Israelis arrest extremist settler
Patrick Cockburn is an Irish journalist who has been a Middle East correspondent since 1979 for the Financial Times and, presently, The Independent. He was awarded Foreign Commentator of the Year at the 2013 Editorial Intelligence Comment Awards.
Thursday 16 February 1995
Rabbi Levinger, a founder of the Israeli settler movement, after scuffles with the police during which his supporters threw stones and eggs, was removed from the house he has occupied in the centre of Hebron since 1979. The Deputy West Bank Police Chief, Natan Karmowski, said the degree of force used was "made necessary by the wild and violent behaviour of the settlers and our knowledge of their vile and disgraceful behaviour in the past".
Failure by the government to remove Rabbi Levinger and his 400 followers from Hebron after the massacre was a big factor in poisoning relations between Palestinians and Israelis last year. In 1991 Levinger served five months in prison for shooting dead a Palestinian bystander in Hebron's market after his car was stoned.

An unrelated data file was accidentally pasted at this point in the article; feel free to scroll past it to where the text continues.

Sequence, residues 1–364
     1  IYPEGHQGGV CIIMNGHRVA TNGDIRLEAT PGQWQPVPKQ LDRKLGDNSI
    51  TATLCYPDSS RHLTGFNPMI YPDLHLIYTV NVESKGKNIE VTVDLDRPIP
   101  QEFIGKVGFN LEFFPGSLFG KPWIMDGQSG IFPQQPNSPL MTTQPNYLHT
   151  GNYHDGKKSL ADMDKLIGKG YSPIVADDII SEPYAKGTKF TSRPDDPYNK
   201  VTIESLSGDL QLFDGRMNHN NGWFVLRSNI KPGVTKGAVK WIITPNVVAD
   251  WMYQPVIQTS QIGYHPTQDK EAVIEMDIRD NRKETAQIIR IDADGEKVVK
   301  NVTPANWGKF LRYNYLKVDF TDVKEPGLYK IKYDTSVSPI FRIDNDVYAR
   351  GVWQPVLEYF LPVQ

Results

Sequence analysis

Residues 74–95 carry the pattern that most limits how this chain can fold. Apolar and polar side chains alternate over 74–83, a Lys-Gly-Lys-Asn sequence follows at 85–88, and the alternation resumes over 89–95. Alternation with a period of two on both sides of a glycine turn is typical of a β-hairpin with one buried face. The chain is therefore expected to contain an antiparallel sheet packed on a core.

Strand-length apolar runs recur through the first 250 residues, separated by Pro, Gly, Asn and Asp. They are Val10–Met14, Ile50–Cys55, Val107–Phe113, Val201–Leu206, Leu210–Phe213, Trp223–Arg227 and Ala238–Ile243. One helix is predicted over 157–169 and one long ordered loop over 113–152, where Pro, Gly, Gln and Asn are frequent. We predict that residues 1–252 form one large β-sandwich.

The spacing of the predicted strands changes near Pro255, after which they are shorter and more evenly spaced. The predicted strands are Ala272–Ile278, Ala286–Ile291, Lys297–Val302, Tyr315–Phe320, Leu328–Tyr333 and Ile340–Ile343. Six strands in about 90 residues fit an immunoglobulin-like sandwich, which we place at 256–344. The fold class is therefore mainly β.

The police intended to arrest only Miriam Levinger, who for four years has ignored a summons for overturning the stalls of Palestinian street vendors. Her husband and five others were detained for resisting the police during what the settlers described as "preventive arrests" prior to today's service for Goldstein at the nearby settlement of Kiryat Arba which Levinger helped found in 1968.
Yitzhak Rabin, the Israeli Prime Minister, earlier called the memorial for Goldstein "an incitement to murder" and the Environment Minister, Yossi Sarid, said: "There is no difference between Goldstein and a Hamas or Islamic Jihad murderer."
He said that if Israel demanded that the Palestinian Authority clamp down on supporters of suicide bomb attacks then it must also act against their Israeli equivalent.
Mr Rabin meets the PLO Chairman, Yasser Arafat, today at the Erez border crossing into Gaza to demand the detention of Hamas and Islamic Jihad supporters in return for ending the ban on travel from the West Bank and Gaza.
It is doubtful, however, that Mr Arafat is in a position to offer the degree of co-operation between the Israeli and Palestinian security services which Mr Rabin is demanding. Other Palestinians say he is being too conciliatory to the Israelis.
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